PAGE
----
UPDATED: Officials investigating after wandering toddler pulled from side of busy Gilman Springs Road
UPDATE: April 27, 3:30 p.m. See original story and video below.
Riverside County Sheriff’s officials provided an update regarding a toddler who was found wandering along the 34000 block of Gilman Springs Road by a passing motorist yesterday, about 4:30 p.m.
Luis Navarro first spotted the girl, described as about two to three years old, as she was wandering along the busy roadway. He quickly turned his vehicle around, parked nearby and led the young girl to safety, away from the road that was bustling with early, rush-hour traffic.
During the incident, while Navarro was leading the girl back to her home, he posted what was happening live to his Facebook account.
That short, three-minute long post, which has since been viewed more than sixty-five thousand times, showed Navarro leading the girl by the hand, while asking her questions about her family, her age and where she lived.
After returning the wandering child to her parents, Navarro contacted the Riverside County Sheriff’s Department to report the incident and request that deputies check on the child’s welfare.
“Deputies from the Hemet Station received a call regarding a report of a found child,” Riverside Sheriff’s Public Information Officer Sergeant Chris Durham explained in a written press release the day after the incident. “The reporting party found the child on Gilman Springs Road and walked her back to her residence.”
“Deputies responded to a residence…to check on the child’s safety,” said Durham, who indicated sheriff’s investigators were also involved in investigating the incident.
“Investigators interviewed the found child’s parents and other siblings at the residence,” Durham explained. “It appears the child exited the residence while her mother was tending to an infant sibling.”
No further details were released in what Durham described as an “active and ongoing investigation.”
In the sheriff’s press release, Durham made sure to mention Navarro’s intervention in what could have been a story with a very tragic ending, saying, “We are grateful for the quick actions of the passing motorist.”
This afternoon, after being interviewed and filmed by several local television stations, Navarro – who had been leery of speaking with media about the incident from the beginning, saying he didn’t help the girl for publicity – said he was surprised and a bit overwhelmed at all of the positive responses the story about his actions was receiving.
“I never in a million years thought the story could have gotten this much attention,” Navarro said.
After hearing about and seeing all the unexpected praise in social media news groups, such as Facebook’s Hemet News – where the video was first shared – Navarro simply said, “I was blessed with that opportunity to do something right.”
Anyone with additional information regarding this incident is encouraged to contact Investigator Amber Fransik at (951) 791-3400. Callers can refer to incident file number I171160075 and can remain anonymous. Citizens may also submit a tip using the Sheriff’s CrimeTips online form.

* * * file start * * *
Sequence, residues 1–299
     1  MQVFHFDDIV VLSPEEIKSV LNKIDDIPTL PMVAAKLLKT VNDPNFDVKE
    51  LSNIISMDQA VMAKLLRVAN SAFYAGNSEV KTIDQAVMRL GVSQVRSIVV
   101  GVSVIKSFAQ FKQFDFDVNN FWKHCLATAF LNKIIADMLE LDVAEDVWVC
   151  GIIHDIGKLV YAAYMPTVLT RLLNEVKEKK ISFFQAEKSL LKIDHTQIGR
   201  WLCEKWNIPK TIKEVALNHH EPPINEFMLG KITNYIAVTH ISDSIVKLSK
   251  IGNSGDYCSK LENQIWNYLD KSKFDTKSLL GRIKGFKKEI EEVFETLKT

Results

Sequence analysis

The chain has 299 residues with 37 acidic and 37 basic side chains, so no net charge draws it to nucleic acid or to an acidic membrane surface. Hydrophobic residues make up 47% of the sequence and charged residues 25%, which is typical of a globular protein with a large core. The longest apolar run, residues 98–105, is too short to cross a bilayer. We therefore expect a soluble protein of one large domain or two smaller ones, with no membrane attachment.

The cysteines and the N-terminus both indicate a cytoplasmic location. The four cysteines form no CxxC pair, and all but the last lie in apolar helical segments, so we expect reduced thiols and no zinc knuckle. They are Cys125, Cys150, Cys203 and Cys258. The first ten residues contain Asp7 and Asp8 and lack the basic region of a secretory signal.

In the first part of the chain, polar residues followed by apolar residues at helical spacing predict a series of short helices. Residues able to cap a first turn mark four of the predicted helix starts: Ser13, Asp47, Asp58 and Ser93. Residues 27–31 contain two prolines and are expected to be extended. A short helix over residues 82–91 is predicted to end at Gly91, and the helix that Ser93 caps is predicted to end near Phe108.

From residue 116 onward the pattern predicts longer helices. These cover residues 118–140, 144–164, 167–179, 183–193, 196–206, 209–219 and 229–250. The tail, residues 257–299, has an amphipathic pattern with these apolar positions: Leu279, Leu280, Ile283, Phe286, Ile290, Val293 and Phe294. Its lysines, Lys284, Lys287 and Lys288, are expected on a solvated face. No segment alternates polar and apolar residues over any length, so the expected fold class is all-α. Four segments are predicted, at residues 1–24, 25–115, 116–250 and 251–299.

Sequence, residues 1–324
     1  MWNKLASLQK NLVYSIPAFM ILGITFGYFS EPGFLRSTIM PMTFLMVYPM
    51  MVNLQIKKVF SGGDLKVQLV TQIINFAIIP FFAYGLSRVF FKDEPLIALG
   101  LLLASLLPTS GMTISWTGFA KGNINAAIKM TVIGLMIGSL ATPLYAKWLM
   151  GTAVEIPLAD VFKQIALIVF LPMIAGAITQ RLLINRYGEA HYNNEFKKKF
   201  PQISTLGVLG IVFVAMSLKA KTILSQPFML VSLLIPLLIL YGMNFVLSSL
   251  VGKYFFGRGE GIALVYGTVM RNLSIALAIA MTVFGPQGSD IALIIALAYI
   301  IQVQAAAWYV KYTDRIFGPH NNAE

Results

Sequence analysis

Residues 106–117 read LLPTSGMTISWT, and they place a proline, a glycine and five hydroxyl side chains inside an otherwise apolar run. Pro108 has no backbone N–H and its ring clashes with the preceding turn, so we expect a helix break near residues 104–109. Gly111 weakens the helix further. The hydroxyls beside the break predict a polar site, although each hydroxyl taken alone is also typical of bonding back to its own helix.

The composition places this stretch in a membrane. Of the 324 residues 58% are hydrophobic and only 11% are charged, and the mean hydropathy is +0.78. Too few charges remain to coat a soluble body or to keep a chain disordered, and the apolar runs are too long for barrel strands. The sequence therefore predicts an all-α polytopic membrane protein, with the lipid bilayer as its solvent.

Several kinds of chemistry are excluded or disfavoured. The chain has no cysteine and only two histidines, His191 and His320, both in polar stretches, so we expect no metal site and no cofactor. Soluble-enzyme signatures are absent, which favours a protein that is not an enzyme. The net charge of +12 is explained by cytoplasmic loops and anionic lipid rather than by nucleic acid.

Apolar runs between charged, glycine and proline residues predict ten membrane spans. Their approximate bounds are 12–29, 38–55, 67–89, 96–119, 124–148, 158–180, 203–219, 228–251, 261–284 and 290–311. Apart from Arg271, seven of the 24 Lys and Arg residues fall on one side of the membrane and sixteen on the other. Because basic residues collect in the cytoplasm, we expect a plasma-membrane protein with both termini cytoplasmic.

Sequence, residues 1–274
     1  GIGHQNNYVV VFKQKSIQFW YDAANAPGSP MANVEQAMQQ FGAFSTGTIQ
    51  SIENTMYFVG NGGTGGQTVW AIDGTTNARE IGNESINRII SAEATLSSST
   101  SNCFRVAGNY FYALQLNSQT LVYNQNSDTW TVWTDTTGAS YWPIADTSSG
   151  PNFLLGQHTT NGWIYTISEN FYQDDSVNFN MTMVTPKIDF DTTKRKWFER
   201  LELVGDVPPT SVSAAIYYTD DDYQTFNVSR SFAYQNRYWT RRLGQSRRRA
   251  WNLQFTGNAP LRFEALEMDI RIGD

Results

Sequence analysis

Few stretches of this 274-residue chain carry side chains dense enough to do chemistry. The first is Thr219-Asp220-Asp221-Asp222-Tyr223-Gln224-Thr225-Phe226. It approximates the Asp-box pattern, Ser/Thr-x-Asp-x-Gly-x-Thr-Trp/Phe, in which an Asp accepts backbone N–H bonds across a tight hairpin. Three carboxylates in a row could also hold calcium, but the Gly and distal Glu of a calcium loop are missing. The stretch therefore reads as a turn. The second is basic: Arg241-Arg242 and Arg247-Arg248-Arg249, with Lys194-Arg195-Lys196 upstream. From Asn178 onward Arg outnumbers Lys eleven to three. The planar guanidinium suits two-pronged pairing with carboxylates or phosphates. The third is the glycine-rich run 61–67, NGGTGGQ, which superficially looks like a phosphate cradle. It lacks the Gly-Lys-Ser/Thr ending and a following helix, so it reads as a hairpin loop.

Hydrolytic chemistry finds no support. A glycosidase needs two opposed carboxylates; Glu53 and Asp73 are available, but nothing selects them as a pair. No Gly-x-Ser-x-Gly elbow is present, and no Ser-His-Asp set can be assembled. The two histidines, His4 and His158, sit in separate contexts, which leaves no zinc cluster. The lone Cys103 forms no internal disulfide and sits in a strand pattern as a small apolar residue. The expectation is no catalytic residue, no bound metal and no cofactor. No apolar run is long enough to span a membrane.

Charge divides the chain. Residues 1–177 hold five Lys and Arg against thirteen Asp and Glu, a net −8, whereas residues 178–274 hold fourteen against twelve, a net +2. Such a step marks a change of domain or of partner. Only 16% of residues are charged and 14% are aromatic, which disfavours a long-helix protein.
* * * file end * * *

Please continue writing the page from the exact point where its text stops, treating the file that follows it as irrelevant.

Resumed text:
ORIGINAL STORY: SAN JACINTO: Wandering toddler pulled from side of busy Gilman Springs Road
SAN JACINTO – Valle Vista resident Luis Navarro received the surprise of his life and became the talk of the Hemet and San Jacinto Valley today when he happened upon a toddler wandering along busy Gilman Springs Road this afternoon.
Navarro first spotted the girl, described as about two to three years old, about 4:30 p.m., on Gilman Springs Road near Knoch Road just east of Olive Avenue and Jack Rabbit Trail. The roadway where the girl was found is in an unincorporated area east of Moreno Valley and northwest of San Jacinto.
Navarro, who says he works as a truck driver, was on his way home when he happened to spot the girl wandering along the side of the busy road.
“I was coming home from work, heading down Gilman Springs Road from the 60 Freeway towards Sanderson Avenue, when I noticed a small child just wandering around out by the road,” Navarro explained about an hour after the scary incident.
As Navarro passed the little girl, he immediately realized the imminent danger she was in as she wandered on the dirt shoulder along the side of the road; which was already busy with early, rush-hour traffic.
“I pulled over as fast as I could, flipped a U-Turn and went back,” Navarro explained. “There was a lot of traffic and I was scared she might run from me right into traffic if I pulled up too close to her, so I pulled into a nearby driveway.”
When Navarro approached the wandering toddler and offered her his hand, she readily took it and followed his lead away from the danger of the bustling roadway, where vehicles were passing at 55 miles per hour or faster.
For his protection and to document his frustration at having found the little girl wandering along the roadway, Navarro immediately began to post the incident live to his Facebook account. (See video below.)